What Does It Take to Get Kids to Stop Skipping School?

A New York City pilot program found success by tracking and sharing student attendance data, assigning mentors, and communicating with parents.
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When it comes to tackling the problem of chronic absenteeism, students who already have a track record of skipping class can be a particularly tough crowd to sway. But a new report out of New York City—where one out of every five students missed a month or more of school last year—suggests an intensive community-wide initiative is gaining ground.

First, some background: chronic absenteeism is defined as missing at least 10 percent of the instructional days over the course of an academic year, which amounts to about 18 days in the average district. The national advocacy group 

Attendance Works considers chronic absenteeism as an early warning system that too many schools, parents and students are failing to heed.

Compounding the challenge, researchers say, is that the scope of the problem is largely unreported. That's because the statistic typically reported by schools is average daily attendance, which can mask the fact that many students are missing significant amounts of seat time. (I've written previously about 

some of the reasons why kids say they skip class, and the role motivation can play in their academic success). It's also important to note that it's not just the later grades that matter. A recent Chicago study found absenteeism in preschool contributed to social-emotional developmental delays as well as academic hurdles that students were still trying to overcome years down the road.

Now on to the New York City report, compiled by the Everyone Graduates Centerat Johns Hopkins University, which looked at the impact of a task force created by Mayor Michael Bloomberg in 2010 to address the city's high rate of school absenteeism. The task force's pilot program was aimed at at-risk students and launched with 25 high-need schools in its first year and has since grown to 100 schools with more than 60,000 students participating. The initiative crafted an intensive network of mentors, support services, staff training, better tracking and sharing of data of individual student attendance, and community outreach—particularly to parents.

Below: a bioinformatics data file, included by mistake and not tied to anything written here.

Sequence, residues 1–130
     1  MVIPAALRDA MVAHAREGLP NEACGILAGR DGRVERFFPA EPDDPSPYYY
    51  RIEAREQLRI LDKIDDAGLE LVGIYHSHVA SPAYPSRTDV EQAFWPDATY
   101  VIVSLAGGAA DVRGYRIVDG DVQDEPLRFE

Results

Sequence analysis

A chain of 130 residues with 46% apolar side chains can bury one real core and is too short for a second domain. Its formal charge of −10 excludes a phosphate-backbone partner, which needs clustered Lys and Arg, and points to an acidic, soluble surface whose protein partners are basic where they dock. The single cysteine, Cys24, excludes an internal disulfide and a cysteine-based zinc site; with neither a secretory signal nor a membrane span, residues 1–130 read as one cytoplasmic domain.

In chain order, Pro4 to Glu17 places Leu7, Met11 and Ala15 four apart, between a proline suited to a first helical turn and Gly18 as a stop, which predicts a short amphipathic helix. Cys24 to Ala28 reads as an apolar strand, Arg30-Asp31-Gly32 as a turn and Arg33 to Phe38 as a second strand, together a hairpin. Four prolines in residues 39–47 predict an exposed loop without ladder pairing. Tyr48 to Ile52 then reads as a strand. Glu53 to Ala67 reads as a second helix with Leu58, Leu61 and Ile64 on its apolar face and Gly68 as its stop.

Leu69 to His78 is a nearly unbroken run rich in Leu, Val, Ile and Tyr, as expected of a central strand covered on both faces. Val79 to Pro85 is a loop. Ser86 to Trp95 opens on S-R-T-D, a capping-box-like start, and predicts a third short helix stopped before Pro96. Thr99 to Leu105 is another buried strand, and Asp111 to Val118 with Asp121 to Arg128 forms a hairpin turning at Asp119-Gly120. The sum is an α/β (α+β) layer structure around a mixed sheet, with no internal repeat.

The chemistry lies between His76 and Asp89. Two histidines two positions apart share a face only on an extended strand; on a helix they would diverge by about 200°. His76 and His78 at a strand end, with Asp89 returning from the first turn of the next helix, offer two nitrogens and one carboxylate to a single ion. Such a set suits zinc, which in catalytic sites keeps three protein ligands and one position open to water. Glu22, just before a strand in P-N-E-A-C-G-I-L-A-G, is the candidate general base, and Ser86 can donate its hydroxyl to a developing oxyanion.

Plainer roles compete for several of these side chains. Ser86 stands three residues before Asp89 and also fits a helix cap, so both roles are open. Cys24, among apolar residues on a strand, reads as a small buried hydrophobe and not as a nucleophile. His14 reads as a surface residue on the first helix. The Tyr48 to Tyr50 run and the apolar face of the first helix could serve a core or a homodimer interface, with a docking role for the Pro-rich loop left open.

Among the key findings of the report:

  • Students living in poverty were 15 percent less likely to be absent at the task force schools than their peers at similar campuses. The gains were even greater for students living in temporary shelters—they were 31 percent less likely to be absent. The city's Department of Homeless Services was given access to student data and staff received specialized training and support. One city official told the researchers, "It seems like common sense, but until now we just didn’t have the tools, data, or knowledge to do it," according to the report.
  • Assigning mentors to work one-on-one with students was the most successful intervention, with kids adding an average of nine days (nearly two full school weeks) of attendance per school year. High school students working with mentors were 52 percent more likely to be enrolled the following academic year than their comparison peers, suggesting the program also contributed to dropout prevention.
  • Students who were chronically absent in the 2009-10 academic year at the task force schools were 20 percent more likely to still be in school three years later when compared to similarly situated students at campuses that didn't participate in the task force's programs. That suggests the initiative was also effective as a means of dropout prevention.
A couple of takeaways that particularly caught my attention: The Johns Hopkins researchers point out that much of what the task force accomplished could be carried over into other cities, and be funded by reallocating existing resources—an important consideration for cash-strapped districts. What's also worth highlighting is that schools, public agencies, and community organizations effectively joined forces to focus their combined energies on a common goal. That kind of multi-pronged approach is critical, the report's authors concluded, noting that "no school system can tackle this problem alone."

Should any of this be a surprise? Probably not to researchers and policymakers who are increasingly focusing on the growing body of evidence about the long-term effects of even short-term absenteeism. Will it raise the volume on calls for more interventions and programs targeting what many educators consider to be an under-addressed factor in student success? That remains to be heard.
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Emily Richmond is the public editor for the National Education Writers Association. She was the education reporter for the Las Vegas Sun from 2002 to 2010, and in 2011 she was Knight-Wallace Fellow at the University of Michigan. She blogs at www.educatedreporter.com.

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